Yoga mats made from cork are also sensitive to high levels of oils but due to the natural anti-microbial properties of cork, they are much more sustainable as they are able to resist bacteria and germs as well as smell.

Do you need to wash your mat if you use a towel?

Using a towel during yoga isn’t a bad idea as it provides a layer between you and your mat that is easily cleaned between classes. However, using a towel doesn’t mean you don’t need to think about mat hygiene. 

While a towel can provide some absorbency for sweat and moisture accrued during a yoga class, your mat will still pick up some germs and bacteria during use. 

You may need to clean it less regularly but it’s important not to neglect it completely. Every time you wipe down your mat after use you are lessening the risk of health issues and unpleasant odors interfering with your session.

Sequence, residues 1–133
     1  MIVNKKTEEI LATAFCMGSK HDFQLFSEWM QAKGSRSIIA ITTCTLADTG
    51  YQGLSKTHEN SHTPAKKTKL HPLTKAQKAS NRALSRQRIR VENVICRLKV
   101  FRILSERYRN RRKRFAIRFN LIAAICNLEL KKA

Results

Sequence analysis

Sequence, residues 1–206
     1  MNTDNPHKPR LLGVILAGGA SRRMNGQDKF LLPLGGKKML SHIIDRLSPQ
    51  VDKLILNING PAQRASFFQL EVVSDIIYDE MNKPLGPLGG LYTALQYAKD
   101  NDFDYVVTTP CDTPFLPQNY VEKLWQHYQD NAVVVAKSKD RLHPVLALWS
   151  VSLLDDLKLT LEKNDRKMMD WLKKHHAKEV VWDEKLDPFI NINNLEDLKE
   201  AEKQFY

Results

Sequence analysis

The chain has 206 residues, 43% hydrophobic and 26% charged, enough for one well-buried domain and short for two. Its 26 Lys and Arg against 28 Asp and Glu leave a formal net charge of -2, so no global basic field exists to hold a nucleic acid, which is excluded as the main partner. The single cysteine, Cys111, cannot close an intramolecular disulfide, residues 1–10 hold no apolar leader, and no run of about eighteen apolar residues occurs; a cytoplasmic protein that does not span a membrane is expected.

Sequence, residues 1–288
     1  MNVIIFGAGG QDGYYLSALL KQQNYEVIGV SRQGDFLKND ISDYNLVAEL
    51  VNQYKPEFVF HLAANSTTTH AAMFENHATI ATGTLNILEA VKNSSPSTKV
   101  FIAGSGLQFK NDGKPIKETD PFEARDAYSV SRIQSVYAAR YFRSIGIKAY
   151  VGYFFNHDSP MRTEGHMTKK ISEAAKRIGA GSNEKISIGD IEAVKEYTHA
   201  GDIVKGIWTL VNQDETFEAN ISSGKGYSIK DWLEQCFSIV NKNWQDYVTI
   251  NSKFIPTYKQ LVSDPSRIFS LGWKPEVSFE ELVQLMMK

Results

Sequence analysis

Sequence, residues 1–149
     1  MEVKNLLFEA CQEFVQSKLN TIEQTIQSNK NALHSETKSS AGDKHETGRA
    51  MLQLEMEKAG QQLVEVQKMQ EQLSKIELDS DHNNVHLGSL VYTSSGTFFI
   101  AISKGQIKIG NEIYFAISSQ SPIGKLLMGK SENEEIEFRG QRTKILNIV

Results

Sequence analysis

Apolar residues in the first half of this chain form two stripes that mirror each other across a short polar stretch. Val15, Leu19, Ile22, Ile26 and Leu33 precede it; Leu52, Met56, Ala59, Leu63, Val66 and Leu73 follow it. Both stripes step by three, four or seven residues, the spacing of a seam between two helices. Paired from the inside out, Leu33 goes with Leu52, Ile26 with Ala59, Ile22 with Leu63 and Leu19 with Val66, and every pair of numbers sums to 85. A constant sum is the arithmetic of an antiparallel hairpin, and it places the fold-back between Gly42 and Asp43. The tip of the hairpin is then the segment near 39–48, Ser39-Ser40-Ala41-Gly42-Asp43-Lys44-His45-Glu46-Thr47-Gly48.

How often should you replace your yoga mat?

There are a few factors at play in deciding when to invest in a new mat. How often you use your mat, the kind of classes you’re doing, and your level of care in cleaning and storing your mat will all impact the life of your yoga mat. The more eco-friendly mats made from rubber or cork will also break down quicker than the PVC yoga mat.

"If you notice the mat coming apart, getting slippery in places or providing inadequate cushioning over time, those are probably signs to look for a new mat," says Ek.

The most important thing in terms of hygiene, protecting yourself from germs and bacteria, is the odor factor. Once you’ve become aware of an unpleasant smell that isn’t removed by cleaning, then it may be time to get a new mat. 

Kathryn Courts

Kathryn Courts is a health and fitness writer with a passion for topics looking at holistic wellbeing. With experience in the field of mental health and fitness, Kathryn integrates knowledge with practice. She takes particular interest in the links between neuroscience and patterns of behavior, hoping to provide insight and education in developing healthy relationships and self-care. When not writing she is appreciating the outdoors, looking for new walking tracks or relaxing by the water.